Author(s): Granger DN
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Abstract Endothelial cell function in all segments (arterioles, capillaries, and venules) of the microvasculature is compromised in tissues exposed to ischemia and reperfusion (I/R). This endothelial cell dysfunction is manifested as an impaired ability of arterioles to vasodilate, enhanced fluid filtration and leukocyte plugging in capillaries, and leukocyte-endothelial cell adhesion and increased protein extravasation in venules. An imbalance in the production of reactive oxygen species and nitric oxide contributes to most of these responses. The risk factors for cardiovascular disease, hypercholesterolemia, diabetes, and hypertension all appear to exacerbate the microvascular responses to I/R. A common feature of the deleterious effects of these risk factors is the enhanced oxidant stress experienced by endothelial cells, which appears to promote leukocyte-endothelial cell adhesion via transcription-independent (early response) and dependent (late response) processes. The exaggerated endothelial barrier dysfunction elicited by I/R in hypercholesterolemic animals is linked to the enhanced leukocyte recruitment, while the enhanced protein extravasation in postischemic venules of diabetic animals occurs independently of leukocyte recruitment.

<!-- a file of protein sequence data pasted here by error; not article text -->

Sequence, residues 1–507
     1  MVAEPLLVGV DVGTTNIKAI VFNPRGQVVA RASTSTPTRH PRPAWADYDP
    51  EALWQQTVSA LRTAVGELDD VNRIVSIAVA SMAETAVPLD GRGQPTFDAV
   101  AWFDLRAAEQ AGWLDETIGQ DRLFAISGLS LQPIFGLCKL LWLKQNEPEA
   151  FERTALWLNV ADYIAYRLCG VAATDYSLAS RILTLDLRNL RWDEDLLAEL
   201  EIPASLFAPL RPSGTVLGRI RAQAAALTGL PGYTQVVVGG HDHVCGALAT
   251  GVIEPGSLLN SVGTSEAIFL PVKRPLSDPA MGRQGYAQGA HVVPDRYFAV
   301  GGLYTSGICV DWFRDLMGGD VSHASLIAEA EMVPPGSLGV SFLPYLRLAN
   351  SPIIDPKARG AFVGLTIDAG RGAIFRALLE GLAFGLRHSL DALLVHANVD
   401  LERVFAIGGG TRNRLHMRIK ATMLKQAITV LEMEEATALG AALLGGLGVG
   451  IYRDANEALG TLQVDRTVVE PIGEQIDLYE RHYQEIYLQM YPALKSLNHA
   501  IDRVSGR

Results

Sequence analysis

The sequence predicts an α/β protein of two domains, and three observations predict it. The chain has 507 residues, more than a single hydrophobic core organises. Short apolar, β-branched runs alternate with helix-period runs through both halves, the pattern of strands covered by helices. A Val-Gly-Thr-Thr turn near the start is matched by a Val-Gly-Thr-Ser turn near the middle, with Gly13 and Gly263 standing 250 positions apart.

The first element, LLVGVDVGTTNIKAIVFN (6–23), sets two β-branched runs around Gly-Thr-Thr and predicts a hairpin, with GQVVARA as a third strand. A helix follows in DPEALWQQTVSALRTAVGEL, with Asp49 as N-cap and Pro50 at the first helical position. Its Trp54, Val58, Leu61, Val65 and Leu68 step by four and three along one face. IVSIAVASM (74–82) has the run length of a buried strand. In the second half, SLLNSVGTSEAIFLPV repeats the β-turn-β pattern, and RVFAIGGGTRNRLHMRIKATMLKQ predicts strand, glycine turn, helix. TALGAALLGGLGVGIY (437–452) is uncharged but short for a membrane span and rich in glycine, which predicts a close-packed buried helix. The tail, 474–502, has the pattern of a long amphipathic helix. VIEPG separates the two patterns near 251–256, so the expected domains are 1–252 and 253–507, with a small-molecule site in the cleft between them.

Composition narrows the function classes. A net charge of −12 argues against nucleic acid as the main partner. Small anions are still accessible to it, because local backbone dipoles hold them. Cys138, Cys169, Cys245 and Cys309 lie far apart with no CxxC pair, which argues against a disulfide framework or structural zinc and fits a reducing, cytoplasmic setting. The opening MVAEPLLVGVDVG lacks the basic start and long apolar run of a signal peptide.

This article was published in Microcirculation
and referenced in Anatomy & Physiology: Current Research